The petitioners, assisted by rights lawyer Evalyn Ursua, also said Section 9 should be struck down for being unconstitutional as it involve content-based restraint on speech and expression—and cannot pass the clear and present danger test.

FMFA called on the government to uphold the freedom of the press and protect the rights and safety of journalists at all times. “We reject the Anti-Terrorism Act,” they also said.

The SC will resume its oral arguments on Tuesday. Justices will continue their interpellation of lawyers from the Office of the Solicitor General.

As It Happens
LATEST UPDATE: April 27, 2021 – 2:59pm

President Rodrigo Duterte signed the Anti-Terrorism Law on July 3 despite opposition from rights groups and civil society groups that it could be used to stifle human rights.

A petition against the law has been filed at the Supreme Court and other groups are preparing pleadings of their own.

Follow this page for updates. Photo courtesy of The STAR/Michael Varcas

April 27, 2021 – 2:59pm

Solicitor General Jose Calida tells the Supreme Court that the Philippines must have an Anti-Terrorism Act because of international obligations.

Calida says “supervening events warrant ouright dismissal of petitions.” He notes there are already cases involving ATA, such as case against farmers Japer Gurung and Junior Ramos, and three individuals in Negros Occidental.

He says petitioners do not have standing to question the law since they are not directly affected by it.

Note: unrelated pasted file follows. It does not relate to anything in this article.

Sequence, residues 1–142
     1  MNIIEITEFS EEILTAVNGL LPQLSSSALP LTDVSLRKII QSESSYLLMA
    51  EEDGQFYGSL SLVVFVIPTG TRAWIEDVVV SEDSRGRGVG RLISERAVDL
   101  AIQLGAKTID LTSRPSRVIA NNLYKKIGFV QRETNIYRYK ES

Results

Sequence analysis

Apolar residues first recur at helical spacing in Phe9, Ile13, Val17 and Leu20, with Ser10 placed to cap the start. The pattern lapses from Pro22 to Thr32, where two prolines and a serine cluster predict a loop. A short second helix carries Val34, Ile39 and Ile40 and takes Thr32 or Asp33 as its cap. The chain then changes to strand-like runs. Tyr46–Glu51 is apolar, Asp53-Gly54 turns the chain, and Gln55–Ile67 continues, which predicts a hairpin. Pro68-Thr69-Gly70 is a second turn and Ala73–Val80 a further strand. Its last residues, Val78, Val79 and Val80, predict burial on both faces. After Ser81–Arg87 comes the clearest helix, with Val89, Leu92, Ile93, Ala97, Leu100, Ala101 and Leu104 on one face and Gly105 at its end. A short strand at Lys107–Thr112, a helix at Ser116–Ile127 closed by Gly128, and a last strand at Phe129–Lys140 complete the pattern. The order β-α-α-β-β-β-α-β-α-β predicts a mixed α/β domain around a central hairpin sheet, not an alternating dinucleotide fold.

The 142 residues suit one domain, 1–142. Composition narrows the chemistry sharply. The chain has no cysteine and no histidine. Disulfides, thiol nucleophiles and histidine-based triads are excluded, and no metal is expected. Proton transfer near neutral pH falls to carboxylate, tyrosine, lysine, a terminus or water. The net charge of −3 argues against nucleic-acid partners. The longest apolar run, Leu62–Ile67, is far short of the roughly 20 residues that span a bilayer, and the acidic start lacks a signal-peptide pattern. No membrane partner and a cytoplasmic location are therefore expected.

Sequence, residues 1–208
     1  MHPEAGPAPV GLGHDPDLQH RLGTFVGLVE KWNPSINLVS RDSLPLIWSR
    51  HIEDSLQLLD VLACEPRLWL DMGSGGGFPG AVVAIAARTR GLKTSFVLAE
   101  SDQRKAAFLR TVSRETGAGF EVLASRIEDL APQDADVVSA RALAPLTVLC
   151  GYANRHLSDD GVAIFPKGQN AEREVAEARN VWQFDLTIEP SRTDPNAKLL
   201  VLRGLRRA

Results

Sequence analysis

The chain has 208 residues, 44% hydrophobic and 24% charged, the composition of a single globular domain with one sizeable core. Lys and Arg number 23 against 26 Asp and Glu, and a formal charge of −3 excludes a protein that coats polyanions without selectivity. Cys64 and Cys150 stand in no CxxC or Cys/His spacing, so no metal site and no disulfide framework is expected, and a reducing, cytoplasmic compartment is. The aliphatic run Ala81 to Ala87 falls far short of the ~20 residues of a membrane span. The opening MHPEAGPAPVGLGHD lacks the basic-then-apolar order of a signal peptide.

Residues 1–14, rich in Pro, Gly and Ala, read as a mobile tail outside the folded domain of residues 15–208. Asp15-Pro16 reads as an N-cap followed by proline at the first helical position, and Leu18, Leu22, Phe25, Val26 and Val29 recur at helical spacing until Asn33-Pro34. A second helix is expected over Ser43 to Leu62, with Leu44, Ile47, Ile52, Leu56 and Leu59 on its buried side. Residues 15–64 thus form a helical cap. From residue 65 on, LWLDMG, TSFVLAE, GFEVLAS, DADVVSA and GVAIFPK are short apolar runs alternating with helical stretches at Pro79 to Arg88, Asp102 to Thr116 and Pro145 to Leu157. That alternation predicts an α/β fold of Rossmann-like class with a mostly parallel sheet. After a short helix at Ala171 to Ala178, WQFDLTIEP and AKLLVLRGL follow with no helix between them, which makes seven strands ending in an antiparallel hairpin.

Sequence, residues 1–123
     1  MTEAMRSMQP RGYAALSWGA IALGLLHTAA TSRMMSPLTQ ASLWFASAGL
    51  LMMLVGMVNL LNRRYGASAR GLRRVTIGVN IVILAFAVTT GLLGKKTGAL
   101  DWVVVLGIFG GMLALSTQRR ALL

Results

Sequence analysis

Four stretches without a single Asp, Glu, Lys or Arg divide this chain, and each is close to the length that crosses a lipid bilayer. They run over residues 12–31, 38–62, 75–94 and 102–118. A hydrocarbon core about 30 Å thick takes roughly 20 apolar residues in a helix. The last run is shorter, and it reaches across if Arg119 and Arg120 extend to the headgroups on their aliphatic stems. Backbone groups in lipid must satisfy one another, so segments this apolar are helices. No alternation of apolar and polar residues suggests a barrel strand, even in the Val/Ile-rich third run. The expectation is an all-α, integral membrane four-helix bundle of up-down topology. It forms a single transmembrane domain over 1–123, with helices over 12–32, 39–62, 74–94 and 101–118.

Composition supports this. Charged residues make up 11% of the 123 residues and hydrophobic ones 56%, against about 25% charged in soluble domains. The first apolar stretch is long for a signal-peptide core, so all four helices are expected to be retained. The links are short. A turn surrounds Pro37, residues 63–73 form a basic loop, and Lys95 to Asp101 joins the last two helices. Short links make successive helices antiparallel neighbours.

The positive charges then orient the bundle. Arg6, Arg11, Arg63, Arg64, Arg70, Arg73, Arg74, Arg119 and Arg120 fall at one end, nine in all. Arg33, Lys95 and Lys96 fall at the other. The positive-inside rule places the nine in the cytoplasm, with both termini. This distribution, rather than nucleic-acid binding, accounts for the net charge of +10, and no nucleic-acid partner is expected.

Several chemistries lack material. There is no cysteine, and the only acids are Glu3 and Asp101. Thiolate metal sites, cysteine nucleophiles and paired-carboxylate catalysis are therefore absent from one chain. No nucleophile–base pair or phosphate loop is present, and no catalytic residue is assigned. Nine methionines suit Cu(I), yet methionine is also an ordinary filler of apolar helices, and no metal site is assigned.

April 21, 2021 – 5:53pm

Oral arguments on petitions against the Anti-Terrorism Act will resume on April 27 at 2:30 p.m..

According to a Supreme Court advisory, the arguments will be carried out through videoconferencing due to the pandemic.

March 22, 2021 – 3:11pm

Oral arguments on the Anti-Terrorism Act of 2020 scheduled on March 23 is suspended due to the “alarming increase of COVID cases.”

Supreme Court Clerk of Court Edgar Aricheta says the oral arguments will resume on April 6 at 2:30 p.m.

March 15, 2021 – 1:03pm

The oral arguments on the petitions against the controversial Anti-Terrorism Act of 2020 will resume on March 23.

The Supreme Court announces that the oral arguments scheduled on March 16 is suspended.

Oral Arguments on the Anti-Terrorism Act of 2020 (RA 11479) will resume on March 23, 2021 at 2:30pm. #ATAOralspic.twitter.com/y4uOE4nxLX

— Philippine Supreme Court Public Information Office (@SCPh_PIO) March 15, 2021

March 14, 2021 – 4:04pm

Oral arguments on the Anti-Terrorism Act, initially pushed back to March 16, are suspended to give way to disinfection of Supreme Court buildings and offices.

Chief Justice Diosdado M. Peralta extends work suspension in the Supreme Court until March 16, 2021 as the different buildings and offices continue to be disinfected; Oral Arguments for G.R. No. 252578, et al. on March 16, 2021 is suspended. pic.twitter.com/jPVv93f1BK

— Philippine Supreme Court Public Information Office (@SCPh_PIO) March 14, 2021